Comparison of reduced-intensity hematopoietic cell transplantation with chemotherapy in patients age 60-70 years with acute myelogenous leukemia in first remission Academic Article uri icon

Overview

MeSH Major

  • Antineoplastic Combined Chemotherapy Protocols
  • Hematopoietic Stem Cell Transplantation
  • Leukemia, Myeloid, Acute

abstract

  • We compared the outcomes of patients age 60-70 years with acute myelogenous leukemia receiving reduced-intensity allogeneic hematopoietic cell transplantation (HCT) in first remission (CR1) reported to the Center for International Blood and Marrow Research (n = 94) with the outcomes in patients treated with induction and postremission chemotherapy on Cancer and Leukemia Group B protocols (n = 96). All patients included had been in CR1 for at least 4 months. The HCT recipients were slightly younger than the chemotherapy patients (median age, 63 years vs 65 years; P < .001), but there were no significant between-group differences in the proportion with therapy-related leukemia or in different cytogenetic risk groups. Time from diagnosis to CR1 was longer for the HCT recipients (median, 44 days vs 38 days; P = .031). Allogeneic HCT was associated with significantly lower risk of relapse (32% vs 81% at 3 years; P < .001), higher nonrelapse mortality (36% vs 4% at 3 years; P < .001), and longer leukemia-free survival (32% vs 15% at 3 years; P = .001). Although overall survival was longer for HCT recipients, the difference was not statistically significant (37% vs 25% at 3 years; P = .08). Our findings suggest that reduced-intensity conditioning allogeneic HCT in patients age 60-70 with acute myelogenous leukemia in CR1 reduces relapse and improves leukemia-free survival. Strategies that reduce nonrelapse mortality may yield significant improvements in overall survival.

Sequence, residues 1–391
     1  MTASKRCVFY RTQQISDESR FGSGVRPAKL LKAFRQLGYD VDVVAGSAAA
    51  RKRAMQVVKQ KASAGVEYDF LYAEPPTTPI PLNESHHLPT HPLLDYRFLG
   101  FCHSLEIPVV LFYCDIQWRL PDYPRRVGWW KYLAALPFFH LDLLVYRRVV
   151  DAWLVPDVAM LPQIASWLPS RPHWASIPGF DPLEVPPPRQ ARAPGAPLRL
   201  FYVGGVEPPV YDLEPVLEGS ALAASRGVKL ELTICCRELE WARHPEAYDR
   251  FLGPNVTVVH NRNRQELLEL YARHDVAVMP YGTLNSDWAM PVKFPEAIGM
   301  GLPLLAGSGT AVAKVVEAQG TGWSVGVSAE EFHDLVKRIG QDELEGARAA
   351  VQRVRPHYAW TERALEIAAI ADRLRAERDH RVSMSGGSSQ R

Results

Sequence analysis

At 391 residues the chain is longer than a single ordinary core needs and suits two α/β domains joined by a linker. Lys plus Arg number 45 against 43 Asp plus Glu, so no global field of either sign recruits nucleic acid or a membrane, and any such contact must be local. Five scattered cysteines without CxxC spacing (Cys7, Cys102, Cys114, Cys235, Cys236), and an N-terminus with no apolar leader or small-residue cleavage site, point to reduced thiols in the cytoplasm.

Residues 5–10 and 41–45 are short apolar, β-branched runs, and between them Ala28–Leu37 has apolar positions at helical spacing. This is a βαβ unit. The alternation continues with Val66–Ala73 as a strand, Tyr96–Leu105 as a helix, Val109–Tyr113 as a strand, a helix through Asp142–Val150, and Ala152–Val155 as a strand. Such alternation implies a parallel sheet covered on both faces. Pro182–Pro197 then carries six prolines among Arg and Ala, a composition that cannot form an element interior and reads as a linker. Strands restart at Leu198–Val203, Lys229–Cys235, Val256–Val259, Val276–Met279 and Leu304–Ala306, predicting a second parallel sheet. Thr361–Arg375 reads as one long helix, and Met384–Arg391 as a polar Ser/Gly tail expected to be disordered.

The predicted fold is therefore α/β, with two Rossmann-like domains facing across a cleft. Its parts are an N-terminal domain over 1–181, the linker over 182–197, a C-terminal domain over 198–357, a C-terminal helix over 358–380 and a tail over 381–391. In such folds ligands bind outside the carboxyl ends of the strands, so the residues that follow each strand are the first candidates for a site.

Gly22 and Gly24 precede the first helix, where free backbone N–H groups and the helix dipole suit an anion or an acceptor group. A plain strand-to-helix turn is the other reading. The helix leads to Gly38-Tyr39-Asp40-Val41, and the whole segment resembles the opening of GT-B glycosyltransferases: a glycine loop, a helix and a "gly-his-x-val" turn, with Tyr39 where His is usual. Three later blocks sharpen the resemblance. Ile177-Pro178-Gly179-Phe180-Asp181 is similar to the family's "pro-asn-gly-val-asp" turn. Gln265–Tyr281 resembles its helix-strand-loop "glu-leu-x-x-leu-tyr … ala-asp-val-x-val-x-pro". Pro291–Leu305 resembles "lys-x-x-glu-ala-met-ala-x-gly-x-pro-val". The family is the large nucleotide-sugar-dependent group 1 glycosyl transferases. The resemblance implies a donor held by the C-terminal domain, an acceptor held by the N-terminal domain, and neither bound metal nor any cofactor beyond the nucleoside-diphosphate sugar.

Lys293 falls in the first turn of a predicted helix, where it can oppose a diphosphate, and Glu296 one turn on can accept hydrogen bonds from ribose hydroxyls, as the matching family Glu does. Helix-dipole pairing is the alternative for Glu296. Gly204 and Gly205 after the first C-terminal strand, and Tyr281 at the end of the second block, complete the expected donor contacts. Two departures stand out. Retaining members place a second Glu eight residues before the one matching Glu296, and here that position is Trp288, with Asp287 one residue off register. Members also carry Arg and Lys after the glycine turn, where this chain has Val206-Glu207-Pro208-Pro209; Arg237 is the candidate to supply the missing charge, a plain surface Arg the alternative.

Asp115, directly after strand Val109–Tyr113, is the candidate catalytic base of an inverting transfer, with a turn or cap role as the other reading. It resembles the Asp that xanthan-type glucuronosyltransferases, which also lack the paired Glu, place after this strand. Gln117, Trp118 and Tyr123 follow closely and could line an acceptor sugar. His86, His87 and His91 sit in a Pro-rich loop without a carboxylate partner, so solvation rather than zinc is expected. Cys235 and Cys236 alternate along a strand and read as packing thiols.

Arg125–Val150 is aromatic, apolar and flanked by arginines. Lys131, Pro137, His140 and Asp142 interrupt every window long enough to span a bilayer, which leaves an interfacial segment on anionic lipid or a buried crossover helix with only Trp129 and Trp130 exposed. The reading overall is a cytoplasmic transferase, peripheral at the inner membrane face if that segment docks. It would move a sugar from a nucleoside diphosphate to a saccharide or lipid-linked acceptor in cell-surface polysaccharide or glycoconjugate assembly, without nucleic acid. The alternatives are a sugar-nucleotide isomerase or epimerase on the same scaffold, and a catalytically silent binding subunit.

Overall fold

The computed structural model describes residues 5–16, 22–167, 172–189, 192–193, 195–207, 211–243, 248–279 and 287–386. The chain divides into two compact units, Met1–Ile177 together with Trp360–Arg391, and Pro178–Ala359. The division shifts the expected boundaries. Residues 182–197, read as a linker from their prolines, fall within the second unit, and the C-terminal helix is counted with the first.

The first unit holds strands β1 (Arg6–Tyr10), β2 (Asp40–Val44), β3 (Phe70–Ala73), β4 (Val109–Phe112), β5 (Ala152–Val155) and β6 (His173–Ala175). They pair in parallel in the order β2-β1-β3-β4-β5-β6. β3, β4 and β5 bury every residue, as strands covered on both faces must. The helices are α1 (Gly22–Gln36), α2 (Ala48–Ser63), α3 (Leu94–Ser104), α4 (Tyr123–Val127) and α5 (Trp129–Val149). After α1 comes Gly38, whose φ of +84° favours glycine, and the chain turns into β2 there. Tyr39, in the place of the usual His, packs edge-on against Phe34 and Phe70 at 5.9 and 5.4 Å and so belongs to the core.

publication date

  • December 2011

Research

keywords

  • Academic Article

Identity

Language

  • eng

PubMed Central ID

  • PMC3817558

Digital Object Identifier (DOI)

  • 10.1016/j.bbmt.2011.06.005

PubMed ID

  • 21699879

Additional Document Info

start page

  • 1796

end page

  • 803

volume

  • 17

number

  • 12